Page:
So what are they thinking? Why did California’s elite digerati join the Hollywood glitterati to support George Gascón, a man whose previous act as San Francisco’s district attorney was so destructive that even that city’s ultra liberal mayor, London Breed, declined to endorse his candidacy for Los Angeles County district attorney? Getting into the mind of someone like Reed Hastings is not easy—the man “does not comment on his personal donations”—but we have to try. Because understanding his motivation, and by extension, the motivation of all the big tech money behind the far Left, may lend some coherence to what on the surface seems inexplicable.
An intriguing article by Sara Roos, published just before the election in the obscure Los Angeles Education Examiner, attempts to connect the dots. In her article entitled “Big money for pro-charter school board candidates, picks George Gascón for DA,” Roos claims the same ideology that informs the charter school movement is at work in these hotly contested races for district attorney.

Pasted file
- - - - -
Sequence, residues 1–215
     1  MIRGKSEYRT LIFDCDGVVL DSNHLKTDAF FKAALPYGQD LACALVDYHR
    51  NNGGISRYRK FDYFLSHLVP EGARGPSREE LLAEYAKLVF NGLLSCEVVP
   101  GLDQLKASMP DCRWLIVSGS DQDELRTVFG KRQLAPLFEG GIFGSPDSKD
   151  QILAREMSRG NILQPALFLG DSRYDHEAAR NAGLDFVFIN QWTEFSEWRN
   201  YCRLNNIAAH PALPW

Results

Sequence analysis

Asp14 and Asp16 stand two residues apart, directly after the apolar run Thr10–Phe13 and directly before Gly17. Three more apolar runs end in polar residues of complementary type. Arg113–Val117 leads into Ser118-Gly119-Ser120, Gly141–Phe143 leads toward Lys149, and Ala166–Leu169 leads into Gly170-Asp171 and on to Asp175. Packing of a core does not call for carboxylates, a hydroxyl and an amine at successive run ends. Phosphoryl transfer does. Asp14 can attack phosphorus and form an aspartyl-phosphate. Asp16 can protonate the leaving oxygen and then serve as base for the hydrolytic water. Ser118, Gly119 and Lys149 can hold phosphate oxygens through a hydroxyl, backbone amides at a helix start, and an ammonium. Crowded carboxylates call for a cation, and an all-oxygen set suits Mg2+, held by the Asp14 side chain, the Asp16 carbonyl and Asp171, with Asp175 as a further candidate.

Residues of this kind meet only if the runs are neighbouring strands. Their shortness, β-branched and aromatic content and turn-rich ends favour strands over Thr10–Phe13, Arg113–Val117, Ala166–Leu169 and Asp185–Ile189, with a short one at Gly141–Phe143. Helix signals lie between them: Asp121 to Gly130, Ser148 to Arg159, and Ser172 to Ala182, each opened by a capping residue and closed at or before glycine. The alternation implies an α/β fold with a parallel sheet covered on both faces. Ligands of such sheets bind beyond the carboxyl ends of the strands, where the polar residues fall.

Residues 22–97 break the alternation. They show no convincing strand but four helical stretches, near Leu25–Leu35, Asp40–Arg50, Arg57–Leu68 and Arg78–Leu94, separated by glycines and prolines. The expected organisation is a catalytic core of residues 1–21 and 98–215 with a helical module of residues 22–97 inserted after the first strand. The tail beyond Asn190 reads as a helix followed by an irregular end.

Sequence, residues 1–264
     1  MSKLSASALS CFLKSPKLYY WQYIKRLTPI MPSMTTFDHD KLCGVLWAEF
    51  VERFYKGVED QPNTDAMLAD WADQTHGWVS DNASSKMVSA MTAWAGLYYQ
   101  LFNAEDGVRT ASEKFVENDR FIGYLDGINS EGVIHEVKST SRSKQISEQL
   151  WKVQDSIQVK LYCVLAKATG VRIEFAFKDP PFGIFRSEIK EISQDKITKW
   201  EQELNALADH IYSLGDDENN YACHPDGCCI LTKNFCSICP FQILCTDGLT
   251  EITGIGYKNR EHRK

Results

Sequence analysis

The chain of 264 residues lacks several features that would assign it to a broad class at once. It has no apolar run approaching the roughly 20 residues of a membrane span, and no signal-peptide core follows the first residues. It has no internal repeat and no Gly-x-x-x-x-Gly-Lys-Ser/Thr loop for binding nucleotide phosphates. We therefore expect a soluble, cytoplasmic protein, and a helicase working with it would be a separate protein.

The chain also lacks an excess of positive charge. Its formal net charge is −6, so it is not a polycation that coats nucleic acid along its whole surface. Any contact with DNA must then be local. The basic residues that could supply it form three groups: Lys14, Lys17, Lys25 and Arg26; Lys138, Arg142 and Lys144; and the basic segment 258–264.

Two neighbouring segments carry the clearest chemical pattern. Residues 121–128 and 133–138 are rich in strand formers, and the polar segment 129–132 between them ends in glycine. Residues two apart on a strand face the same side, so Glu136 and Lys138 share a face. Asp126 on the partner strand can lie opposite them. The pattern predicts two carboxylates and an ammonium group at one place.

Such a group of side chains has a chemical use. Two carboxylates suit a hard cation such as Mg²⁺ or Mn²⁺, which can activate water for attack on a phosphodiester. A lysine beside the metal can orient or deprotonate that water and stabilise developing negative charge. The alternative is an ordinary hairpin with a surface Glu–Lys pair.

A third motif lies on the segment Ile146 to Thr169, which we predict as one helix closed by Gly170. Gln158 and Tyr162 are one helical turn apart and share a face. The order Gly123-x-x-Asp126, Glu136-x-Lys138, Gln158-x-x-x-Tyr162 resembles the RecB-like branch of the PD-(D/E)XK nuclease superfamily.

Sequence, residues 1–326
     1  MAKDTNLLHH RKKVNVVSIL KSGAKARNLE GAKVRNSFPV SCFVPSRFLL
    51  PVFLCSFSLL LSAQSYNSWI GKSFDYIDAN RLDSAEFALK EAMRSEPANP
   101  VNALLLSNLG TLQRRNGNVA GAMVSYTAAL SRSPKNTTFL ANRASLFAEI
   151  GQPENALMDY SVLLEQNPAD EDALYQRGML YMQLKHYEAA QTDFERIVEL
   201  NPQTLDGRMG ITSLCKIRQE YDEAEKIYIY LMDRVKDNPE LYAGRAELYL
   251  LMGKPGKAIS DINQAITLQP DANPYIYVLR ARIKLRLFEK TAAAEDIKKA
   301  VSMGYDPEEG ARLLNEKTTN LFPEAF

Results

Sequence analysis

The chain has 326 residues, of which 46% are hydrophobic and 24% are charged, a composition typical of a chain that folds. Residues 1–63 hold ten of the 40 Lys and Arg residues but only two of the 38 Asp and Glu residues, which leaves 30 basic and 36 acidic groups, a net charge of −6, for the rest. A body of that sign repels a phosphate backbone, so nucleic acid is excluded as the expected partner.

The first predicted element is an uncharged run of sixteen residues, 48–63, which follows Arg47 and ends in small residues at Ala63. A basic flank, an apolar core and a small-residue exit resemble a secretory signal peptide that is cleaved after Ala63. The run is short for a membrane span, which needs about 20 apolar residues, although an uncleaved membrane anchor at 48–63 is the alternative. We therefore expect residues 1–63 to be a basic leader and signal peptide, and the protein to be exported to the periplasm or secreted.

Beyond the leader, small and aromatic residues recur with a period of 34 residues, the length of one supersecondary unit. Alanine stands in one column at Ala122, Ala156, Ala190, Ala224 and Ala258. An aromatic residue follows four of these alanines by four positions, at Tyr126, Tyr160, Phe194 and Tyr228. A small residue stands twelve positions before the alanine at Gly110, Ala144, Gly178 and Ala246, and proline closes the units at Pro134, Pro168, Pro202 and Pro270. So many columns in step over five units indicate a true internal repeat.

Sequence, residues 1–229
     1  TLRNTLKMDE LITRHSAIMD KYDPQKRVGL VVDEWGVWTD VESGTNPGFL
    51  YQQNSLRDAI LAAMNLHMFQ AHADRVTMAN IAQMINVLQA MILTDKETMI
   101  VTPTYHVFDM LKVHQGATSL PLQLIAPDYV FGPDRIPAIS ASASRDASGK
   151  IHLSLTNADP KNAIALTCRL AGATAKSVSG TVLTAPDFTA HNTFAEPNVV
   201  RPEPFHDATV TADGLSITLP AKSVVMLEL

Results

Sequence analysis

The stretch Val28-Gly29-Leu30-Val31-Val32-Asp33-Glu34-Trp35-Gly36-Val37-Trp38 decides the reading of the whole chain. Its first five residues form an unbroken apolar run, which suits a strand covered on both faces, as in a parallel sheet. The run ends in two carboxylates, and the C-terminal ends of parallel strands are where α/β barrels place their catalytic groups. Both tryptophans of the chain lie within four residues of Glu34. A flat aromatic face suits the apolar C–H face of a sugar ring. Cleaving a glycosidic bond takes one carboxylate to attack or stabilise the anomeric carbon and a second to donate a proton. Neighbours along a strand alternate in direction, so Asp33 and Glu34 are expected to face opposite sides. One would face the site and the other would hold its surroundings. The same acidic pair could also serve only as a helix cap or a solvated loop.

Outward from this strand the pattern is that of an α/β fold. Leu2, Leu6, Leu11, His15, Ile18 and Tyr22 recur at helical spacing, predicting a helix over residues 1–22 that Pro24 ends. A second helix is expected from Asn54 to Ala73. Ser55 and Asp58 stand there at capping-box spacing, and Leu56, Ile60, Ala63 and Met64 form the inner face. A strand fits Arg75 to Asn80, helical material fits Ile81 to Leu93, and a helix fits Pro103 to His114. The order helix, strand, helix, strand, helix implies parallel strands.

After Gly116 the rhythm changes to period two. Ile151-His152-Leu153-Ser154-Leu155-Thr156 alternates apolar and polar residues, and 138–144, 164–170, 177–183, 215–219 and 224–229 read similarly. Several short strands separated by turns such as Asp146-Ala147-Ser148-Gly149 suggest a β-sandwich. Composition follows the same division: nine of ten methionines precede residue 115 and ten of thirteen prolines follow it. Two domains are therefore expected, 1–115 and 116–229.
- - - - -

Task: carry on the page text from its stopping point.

Roos may be mistaken to consider charter schools a poor alternative—charters in Los Angeles Unified School District tend to outperform the traditional public schools both in terms of dollar cost per pupil and in terms of educational outcomes. LAUSD badly needs competition, so long as one monopoly isn’t replaced with another. But her larger point addresses privatization, and deserves careful consideration. She writes:
LAUSD’s school boardroom has become a surrogate battlefield for neoliberalism, public-private partnerships and the leveraging of public goods for private gain. So, too, it would seem might the race for LA County’s District Attorney signal a new incursion on privatization in criminal justice.